• Building a carport
  • Building a porch/sunroom/screen enclosure
  • Adding on storage space
  • Adding on an entire room

All of these are relatively easy and common additions that can increase the asking price of a mobile home. If you are a buyer, a carport to protect your motor vehicles or a sunroom to relax in on windy days might also be highly sought after.

Location matters

Just like with real estate, the price of a mobile home is heavily dependant on its location. The pattern of where mobile homes are more or less expensive also closely resembles that of stick-built homes. The same goes for lot rent in mobile home parks.

Neighborhood in California during the sunset

For example, you can expect to pay way more in states like California, Florida or  New York than you would in Arkansas, South Carolina or Missouri.

Homes in mobile home parks are also usually a little bit cheaper, although not by much as by far the most homes are located within parks. You should also take the actual location of the home in question into account. A mobile home located in a park on the cliffs overlooking the ocean, like Paradise Cove in Malibu will cost significantly more. Mobile homes there cost millions of dollars and have been home to A-list celebrities.

Much more practical concerns also play a role. How far the home, or park, is located from the city or other conveniences like malls, schools, places of work will factor into the price. If it’s something you would look for in a piece of real estate, it counts for mobile homes as well.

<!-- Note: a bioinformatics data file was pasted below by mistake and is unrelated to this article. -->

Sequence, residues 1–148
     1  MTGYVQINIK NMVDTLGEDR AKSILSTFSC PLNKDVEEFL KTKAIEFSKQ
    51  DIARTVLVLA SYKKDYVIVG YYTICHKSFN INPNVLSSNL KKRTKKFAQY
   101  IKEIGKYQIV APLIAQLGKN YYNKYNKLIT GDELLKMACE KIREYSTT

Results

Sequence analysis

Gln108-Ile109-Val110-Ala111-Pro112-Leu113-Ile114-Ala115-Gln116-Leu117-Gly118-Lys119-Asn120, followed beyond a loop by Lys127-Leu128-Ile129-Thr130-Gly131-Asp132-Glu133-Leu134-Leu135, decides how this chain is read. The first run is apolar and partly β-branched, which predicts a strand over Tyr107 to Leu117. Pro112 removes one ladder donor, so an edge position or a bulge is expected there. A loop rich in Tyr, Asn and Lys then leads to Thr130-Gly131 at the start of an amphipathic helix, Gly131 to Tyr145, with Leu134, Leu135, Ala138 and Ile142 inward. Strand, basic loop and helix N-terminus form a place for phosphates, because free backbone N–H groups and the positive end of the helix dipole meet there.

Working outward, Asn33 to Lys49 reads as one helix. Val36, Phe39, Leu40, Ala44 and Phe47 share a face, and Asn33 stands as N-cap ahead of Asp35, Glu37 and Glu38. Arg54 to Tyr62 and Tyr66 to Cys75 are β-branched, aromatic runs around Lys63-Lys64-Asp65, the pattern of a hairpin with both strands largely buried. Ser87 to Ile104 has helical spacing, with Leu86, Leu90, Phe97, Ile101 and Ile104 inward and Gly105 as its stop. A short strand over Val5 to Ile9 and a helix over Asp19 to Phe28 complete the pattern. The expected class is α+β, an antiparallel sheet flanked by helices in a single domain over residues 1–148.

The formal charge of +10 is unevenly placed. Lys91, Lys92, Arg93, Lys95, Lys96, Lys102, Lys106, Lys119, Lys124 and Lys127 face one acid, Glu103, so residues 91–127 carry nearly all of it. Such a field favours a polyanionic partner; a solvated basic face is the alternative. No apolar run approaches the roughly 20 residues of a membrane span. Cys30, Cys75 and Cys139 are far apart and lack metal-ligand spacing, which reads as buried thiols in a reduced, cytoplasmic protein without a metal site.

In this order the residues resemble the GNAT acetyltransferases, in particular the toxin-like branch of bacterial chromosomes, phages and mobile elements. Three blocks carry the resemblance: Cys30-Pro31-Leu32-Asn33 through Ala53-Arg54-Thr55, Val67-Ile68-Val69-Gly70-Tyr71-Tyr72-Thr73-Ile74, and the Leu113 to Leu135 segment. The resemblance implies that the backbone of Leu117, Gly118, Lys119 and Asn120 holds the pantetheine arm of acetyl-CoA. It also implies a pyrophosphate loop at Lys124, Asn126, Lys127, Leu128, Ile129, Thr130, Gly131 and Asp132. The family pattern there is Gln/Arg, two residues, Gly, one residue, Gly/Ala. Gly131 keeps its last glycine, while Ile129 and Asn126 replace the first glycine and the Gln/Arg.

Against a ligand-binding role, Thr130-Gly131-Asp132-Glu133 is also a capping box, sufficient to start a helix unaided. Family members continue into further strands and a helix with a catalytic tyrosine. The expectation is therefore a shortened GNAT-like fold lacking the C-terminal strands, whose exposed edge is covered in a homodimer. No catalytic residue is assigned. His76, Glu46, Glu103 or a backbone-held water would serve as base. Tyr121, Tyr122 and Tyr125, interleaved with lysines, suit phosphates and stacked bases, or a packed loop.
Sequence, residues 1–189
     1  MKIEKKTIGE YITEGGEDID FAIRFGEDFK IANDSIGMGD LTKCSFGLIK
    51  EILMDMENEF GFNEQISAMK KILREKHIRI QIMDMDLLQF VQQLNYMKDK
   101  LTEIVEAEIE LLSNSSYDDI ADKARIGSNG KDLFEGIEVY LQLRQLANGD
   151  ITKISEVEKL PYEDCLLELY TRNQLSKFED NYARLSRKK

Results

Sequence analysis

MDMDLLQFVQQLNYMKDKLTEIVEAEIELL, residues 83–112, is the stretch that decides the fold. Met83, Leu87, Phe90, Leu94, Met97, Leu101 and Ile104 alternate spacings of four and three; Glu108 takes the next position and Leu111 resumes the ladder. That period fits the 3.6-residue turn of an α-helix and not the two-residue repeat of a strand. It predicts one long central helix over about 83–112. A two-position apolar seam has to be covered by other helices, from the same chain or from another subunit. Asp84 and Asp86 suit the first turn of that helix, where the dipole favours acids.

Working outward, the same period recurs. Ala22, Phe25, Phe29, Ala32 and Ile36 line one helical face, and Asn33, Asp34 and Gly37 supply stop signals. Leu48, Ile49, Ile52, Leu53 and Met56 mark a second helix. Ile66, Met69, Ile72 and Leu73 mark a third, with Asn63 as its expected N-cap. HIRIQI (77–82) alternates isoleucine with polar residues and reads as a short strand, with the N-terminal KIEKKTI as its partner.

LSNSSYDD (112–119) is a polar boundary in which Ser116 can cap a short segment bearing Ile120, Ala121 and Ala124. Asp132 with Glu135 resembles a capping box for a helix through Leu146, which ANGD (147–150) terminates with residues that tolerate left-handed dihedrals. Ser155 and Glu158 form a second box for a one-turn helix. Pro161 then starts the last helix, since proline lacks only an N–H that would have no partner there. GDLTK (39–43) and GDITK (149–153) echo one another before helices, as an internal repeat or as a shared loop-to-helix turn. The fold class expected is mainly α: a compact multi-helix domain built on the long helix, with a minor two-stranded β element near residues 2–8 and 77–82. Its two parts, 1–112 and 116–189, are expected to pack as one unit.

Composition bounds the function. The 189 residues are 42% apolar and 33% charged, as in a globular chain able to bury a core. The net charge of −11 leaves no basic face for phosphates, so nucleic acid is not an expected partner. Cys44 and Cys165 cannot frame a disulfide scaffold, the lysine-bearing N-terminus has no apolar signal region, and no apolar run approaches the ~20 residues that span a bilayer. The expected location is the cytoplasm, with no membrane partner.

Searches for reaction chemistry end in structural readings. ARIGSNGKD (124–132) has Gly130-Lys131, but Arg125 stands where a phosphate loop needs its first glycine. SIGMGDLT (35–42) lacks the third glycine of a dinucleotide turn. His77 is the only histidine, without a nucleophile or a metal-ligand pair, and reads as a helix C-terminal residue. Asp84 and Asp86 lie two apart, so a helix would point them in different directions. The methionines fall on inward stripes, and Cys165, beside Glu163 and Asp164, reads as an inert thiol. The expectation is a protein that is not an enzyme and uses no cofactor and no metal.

Land is always a big factor

Land in the U.S. is incredibly expensive and getting more so every year. You can just take a look at this handy graphic by How Much to see how steep the incline in prices is. Again, the rate is largely dependant on the state and the particular location. However, the price has increased without exception.

Whether you believe that mobile homes truly depreciate in value or not, it’s undeniable that land is the better investment if you can afford it. However, it also means that we have reached the stage where your chances are good if a piece of land is worth more than the mobile home itself.

As a buyer, you will need to carefully consider what you want to do with the land if you sell your mobile home. Especially as it will have a huge effect on the price. Package the land with, and you might price yourself out of most buyers’ budgets. However, keep the land, and you may have to reduce the price of the home because sellers will need to move it.

In some cases, this has led to awkward situations for landowners as old and worn down mobile homes can quickly become a liability on a prime piece of property.

The type of mobile home plays a big role

Mobile homes can be put into three broad categories: